Dip Note: International Day of UN Peacekeepers
About the Author: Dr. Esther Brimmer serves as Assistant Secretary of State for International Organization Affairs.
Today marks the International Day of United Nations Peacekeepers, a day which allows us to pay tribute to the brave and devoted men and women serving in UN peacekeeping missions far from their families and homes under extremely challenging circumstances.
The UN General Assembly designated May 29 as International UN Peacekeeper Day in commemoration of the date of the authorization of the UN's first peacekeeping mandate, the United Nations Truce Supervision Organization in 1948.
This date -- so close to our Memorial Day, when Americans pay tribute to the brave men and women who have died in service to our country -- is a chance to reflect not only on the essential role in international security played by UN peace operations, but also on the grave threats that UN peacekeepers face in countries around the globe every day.
Indeed, this has been a very difficult year for UN peacekeeping. The UN suffered its greatest loss of life in a single event, when 96 MINUSTAH peacekeepers tragically perished in the Haiti earthquake in January. But as a shining example of the dedication and courage of UN peacekeepers, the men and women of MINUSTAH have performed admirably despite their own tragic losses, continuing to ensure stability in Haiti, provide training and mentoring for the Haitian National Police, and assist the Government of Haiti in its efforts to promote the rule of law.
During a recent visit to Port-au-Prince to assess first-hand the situation on the ground, I had the opportunity to meet with MINUSTAH's top leadership and deliver to them the message that the United States supports them fully, as we do UN peacekeeping missions around the world. I was also able to meet with representatives of several branches of the U.S. Armed Forces who are serving in MINUSTAH as well as U.S. police officers who were part of MINUSTAH's efforts to improve Haiti's own police force. The men and women of MINUSTAH are living examples of the dedication and commitment of UN peacekeepers worldwide, and I was proud to have had the chance to meet and talk with them.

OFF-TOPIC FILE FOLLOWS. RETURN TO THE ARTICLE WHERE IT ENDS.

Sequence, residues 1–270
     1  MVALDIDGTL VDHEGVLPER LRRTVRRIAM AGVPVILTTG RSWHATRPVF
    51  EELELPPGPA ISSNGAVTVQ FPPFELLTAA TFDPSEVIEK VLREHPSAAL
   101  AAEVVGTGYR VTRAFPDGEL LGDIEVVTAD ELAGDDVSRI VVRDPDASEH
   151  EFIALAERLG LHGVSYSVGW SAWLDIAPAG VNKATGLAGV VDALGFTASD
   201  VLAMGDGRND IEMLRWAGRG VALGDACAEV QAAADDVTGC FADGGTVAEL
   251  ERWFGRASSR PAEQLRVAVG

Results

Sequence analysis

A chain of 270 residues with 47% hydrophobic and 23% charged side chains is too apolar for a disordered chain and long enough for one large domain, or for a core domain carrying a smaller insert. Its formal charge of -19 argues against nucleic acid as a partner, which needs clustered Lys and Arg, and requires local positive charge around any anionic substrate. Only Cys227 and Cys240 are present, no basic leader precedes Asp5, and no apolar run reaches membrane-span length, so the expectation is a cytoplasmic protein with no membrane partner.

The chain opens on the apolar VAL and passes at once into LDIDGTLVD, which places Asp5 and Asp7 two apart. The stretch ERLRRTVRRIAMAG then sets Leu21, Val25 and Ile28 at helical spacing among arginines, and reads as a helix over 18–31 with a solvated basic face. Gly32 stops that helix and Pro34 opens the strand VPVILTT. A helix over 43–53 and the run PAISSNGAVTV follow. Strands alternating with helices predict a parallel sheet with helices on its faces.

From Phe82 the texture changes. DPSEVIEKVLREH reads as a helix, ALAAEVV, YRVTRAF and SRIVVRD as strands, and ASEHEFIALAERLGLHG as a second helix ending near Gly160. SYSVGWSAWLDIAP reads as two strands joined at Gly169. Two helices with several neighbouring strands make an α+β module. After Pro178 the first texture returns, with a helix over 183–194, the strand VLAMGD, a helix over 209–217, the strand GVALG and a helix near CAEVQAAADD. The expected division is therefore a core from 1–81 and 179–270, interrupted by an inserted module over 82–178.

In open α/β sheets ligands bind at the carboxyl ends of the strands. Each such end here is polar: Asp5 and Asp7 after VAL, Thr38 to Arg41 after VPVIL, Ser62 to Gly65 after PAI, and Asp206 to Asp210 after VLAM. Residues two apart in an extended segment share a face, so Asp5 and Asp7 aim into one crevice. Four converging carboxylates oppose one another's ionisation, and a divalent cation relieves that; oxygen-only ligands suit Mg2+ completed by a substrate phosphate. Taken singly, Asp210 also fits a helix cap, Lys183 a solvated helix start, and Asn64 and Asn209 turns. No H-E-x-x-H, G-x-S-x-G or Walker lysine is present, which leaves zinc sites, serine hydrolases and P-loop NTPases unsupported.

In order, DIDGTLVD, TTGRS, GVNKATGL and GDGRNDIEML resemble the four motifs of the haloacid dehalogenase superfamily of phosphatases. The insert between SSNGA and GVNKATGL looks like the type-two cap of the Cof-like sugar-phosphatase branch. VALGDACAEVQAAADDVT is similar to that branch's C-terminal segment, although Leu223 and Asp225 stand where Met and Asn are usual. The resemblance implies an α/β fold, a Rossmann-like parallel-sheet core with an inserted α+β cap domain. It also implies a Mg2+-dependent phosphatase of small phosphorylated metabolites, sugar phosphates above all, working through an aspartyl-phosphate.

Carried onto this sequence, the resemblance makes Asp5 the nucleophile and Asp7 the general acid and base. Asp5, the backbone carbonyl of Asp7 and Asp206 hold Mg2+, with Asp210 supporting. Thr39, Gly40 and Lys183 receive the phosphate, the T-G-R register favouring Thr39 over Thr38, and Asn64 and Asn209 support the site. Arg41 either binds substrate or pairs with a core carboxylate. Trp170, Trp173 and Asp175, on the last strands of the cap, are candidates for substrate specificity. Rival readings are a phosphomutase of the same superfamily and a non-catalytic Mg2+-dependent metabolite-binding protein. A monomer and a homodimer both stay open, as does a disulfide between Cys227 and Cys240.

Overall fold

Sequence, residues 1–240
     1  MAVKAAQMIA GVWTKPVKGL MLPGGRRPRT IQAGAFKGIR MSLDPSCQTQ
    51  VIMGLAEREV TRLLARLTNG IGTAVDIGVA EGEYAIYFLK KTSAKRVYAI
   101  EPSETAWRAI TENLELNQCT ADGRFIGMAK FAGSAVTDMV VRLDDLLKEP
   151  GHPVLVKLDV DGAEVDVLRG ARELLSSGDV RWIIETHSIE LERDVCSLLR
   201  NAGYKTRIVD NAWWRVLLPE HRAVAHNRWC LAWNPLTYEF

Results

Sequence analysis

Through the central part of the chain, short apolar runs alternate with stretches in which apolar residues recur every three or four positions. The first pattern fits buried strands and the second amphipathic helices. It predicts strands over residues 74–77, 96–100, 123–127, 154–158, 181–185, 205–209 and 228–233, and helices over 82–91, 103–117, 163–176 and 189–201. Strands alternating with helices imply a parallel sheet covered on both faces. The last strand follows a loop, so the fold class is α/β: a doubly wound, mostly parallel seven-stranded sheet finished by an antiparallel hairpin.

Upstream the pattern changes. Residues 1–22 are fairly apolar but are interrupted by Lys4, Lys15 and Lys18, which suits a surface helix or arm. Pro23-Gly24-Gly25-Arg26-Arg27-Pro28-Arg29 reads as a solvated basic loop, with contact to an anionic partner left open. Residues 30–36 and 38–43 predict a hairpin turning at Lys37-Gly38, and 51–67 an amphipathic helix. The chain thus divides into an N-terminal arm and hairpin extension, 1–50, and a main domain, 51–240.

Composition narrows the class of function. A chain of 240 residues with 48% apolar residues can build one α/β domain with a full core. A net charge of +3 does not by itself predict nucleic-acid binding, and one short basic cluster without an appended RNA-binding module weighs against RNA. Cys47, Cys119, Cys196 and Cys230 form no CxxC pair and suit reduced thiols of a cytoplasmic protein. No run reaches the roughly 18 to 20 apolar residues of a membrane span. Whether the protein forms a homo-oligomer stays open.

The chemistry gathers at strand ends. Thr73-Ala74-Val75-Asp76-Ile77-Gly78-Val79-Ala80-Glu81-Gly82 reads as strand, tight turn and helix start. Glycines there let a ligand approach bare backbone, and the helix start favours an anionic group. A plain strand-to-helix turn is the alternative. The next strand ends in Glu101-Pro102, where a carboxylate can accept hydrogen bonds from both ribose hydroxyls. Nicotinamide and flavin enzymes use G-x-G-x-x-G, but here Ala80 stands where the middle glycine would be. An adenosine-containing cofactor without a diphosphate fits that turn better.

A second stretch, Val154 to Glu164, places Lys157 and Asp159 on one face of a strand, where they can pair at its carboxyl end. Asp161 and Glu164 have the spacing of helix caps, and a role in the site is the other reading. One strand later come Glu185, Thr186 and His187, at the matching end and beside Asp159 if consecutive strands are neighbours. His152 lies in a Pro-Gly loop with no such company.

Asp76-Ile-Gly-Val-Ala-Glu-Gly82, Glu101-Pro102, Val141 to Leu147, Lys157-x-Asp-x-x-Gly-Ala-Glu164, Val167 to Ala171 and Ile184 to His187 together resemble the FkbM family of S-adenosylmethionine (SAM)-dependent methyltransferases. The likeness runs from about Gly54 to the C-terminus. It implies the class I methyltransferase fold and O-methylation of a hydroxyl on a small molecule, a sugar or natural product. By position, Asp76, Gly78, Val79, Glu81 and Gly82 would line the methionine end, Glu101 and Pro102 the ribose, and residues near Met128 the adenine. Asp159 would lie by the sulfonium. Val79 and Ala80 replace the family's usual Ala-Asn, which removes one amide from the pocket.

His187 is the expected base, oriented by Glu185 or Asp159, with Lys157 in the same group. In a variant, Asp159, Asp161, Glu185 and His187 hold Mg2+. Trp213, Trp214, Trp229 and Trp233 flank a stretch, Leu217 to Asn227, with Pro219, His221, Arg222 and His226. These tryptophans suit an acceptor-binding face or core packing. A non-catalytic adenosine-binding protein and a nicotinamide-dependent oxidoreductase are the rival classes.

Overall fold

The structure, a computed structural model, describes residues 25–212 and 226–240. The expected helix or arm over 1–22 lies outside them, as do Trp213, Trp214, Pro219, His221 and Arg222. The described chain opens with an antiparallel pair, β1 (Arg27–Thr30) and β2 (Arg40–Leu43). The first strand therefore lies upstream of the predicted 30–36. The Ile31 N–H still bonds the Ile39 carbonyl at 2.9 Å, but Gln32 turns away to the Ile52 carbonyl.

Today, some 60 years after the UN created the first peacekeeping mission, more than 120,000 peacekeepers from over a hundred nations serve in the UN's 15 peacekeeping missions. More than ever, the United States recognizes the importance of these missions and the need to build the capacity of UN peacekeeping operations. That is why last September President Obama took the unprecedented step of meeting with the leaders of 15 of the top troop contributing countries in New York during the 64th session of the UN General Assembly and why his National Security Strategy outlined on Thursday also makes clear our continued commitment to UN peacekeeping operations.
As the National Security Strategy points out, all responsible nations must work to prevent the tragic suffering and loss of life caused by armed conflict, but no single nation can do it alone. Today, we salute the world's peacekeepers for working to make the world safer and more secure.